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@Erm...

"This article is surely pure sarcasm, right?"

It has to be. Wireless anything here is overpriced and underperforming.

When they can't get basic wired cable right, what makes you think they'll get wireless anywhere close?

I'm thinking the author has never actually BEEN to Australia, to hell with the numbers, real life are the only numbers that actually count.

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(Written by Reg staff)

Re: @Erm...

1. Sarcasm was the intent. I thought the unicorns in the second par were a pretty broad hint.

2. I haven't so much "been to Australia" as being born here, back when there were still reds under the bed, JFK wasn't the source of conspiracy theories, and stuff like that.

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Wireless, the future ?

You mean, that radiative technology which gets me only 500kbps as soon as I move to the next room ? And 52kpbs if I go upstairs ?

You mean that publicly-accessible medium that anyone can snoop on from the street with the right hardware, and easily break into with its laughable WPA "encryption" ?

Surely you jest, hmm ? Either that or you work for Echelon.

Give me a shielded twisted pair and 8Mbps please. I'll take that over wireless any day.

Not to mention that, to listen in on my wire, you have to be physically attached to it - which is not easy to do from the street.

Oh, and in Japan they have an *average* connection speed of 60Mbps. That means that there are a lot of people with MORE than that - probably approaching Ethernet speeds. Wired connections are slated to reach the terabit per second range in the next decade or so. Wireless can drool all it wants, it'll never get there.

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WTF?

context

This is apparently a clever sarcastic attack on... something. The Register is a UK site and it's perhaps optimistic to expect we readers to be up to speed on the details of Australian politics.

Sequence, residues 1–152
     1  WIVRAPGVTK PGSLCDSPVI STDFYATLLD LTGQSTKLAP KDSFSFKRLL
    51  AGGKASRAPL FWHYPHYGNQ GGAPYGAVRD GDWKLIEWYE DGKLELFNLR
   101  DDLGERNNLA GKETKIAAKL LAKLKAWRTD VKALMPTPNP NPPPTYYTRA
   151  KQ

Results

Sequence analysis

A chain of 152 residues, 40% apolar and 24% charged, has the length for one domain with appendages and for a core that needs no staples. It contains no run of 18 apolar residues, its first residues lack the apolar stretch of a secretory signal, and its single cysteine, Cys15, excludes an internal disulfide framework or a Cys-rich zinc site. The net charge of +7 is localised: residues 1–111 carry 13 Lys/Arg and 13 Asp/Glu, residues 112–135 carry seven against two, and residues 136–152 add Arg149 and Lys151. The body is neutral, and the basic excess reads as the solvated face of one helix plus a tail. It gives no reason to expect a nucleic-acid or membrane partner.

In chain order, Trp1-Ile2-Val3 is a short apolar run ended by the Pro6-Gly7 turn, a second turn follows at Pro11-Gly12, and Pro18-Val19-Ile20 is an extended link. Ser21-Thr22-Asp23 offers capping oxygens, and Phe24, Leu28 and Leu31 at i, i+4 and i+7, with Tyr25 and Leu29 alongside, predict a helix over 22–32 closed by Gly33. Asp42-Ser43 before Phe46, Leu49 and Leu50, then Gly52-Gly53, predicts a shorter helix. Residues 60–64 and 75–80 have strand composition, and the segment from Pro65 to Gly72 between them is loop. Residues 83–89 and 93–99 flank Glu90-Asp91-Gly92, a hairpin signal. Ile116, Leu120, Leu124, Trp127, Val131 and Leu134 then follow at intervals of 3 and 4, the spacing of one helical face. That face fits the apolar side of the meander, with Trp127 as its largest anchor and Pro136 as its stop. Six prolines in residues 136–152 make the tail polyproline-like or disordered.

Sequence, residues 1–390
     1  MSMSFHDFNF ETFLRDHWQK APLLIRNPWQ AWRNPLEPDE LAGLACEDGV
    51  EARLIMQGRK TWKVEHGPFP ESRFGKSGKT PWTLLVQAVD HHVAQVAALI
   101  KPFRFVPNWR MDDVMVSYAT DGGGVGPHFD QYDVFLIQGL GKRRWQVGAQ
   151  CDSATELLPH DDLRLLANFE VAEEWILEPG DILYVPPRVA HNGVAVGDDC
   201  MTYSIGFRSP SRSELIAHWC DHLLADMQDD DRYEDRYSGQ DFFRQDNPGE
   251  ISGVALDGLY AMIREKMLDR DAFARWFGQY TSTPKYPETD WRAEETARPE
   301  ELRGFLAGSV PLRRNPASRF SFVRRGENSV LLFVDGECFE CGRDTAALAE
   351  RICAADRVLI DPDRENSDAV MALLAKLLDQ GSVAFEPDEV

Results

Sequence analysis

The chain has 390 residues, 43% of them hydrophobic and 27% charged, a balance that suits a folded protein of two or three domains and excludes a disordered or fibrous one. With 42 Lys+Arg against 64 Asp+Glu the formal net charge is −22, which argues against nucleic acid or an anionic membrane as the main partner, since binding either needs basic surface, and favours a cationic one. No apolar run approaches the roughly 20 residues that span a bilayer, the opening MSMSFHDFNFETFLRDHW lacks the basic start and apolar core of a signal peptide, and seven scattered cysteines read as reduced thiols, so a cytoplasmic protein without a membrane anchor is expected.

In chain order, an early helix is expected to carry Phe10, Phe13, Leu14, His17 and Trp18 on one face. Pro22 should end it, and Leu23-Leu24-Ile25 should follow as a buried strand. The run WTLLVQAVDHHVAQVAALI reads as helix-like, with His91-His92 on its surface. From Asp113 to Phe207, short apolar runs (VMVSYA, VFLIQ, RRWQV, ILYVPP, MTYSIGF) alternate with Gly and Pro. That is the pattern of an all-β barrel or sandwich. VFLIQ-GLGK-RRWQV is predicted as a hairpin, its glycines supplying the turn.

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context is alright, I suppose, it placed in the proper context...

I'm in the US, and probably get Australian politics confused with Canadian, but it was pretty obvious to me that the article was satirically making the point that Australians were hanging on to their hardwire "not as fast as we'd like but still better than wireless, especially when costs are compared" internet access, rather than a lemming-like rush to slower and much more expensive wireless internet.

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WTF was that drivel

Wireless my arse.

That's unless they can invent one that can penetrate everything on this god given earth without affecting the signal, and at the same time not sear the skin off our bodies.

Until then, I'll have my nice lovely wired connection please and thank you very much.

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@Pete 9

I think there's a satire perception failure at work...

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it seems many

of the readers and comnters don't understand satire.

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@Robert Heffernan

Well done for completely missing the irony. Look again for the words "spend a couple of thousand" and re-read the article.

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Re: This article is surely pure sarcasm, right?

"yet most of you are miserly niggards who would rather buy a 60 GB per month plan on fixed networks than spend a couple of thousand running Torrents to a mobile"

Yes, yes it is.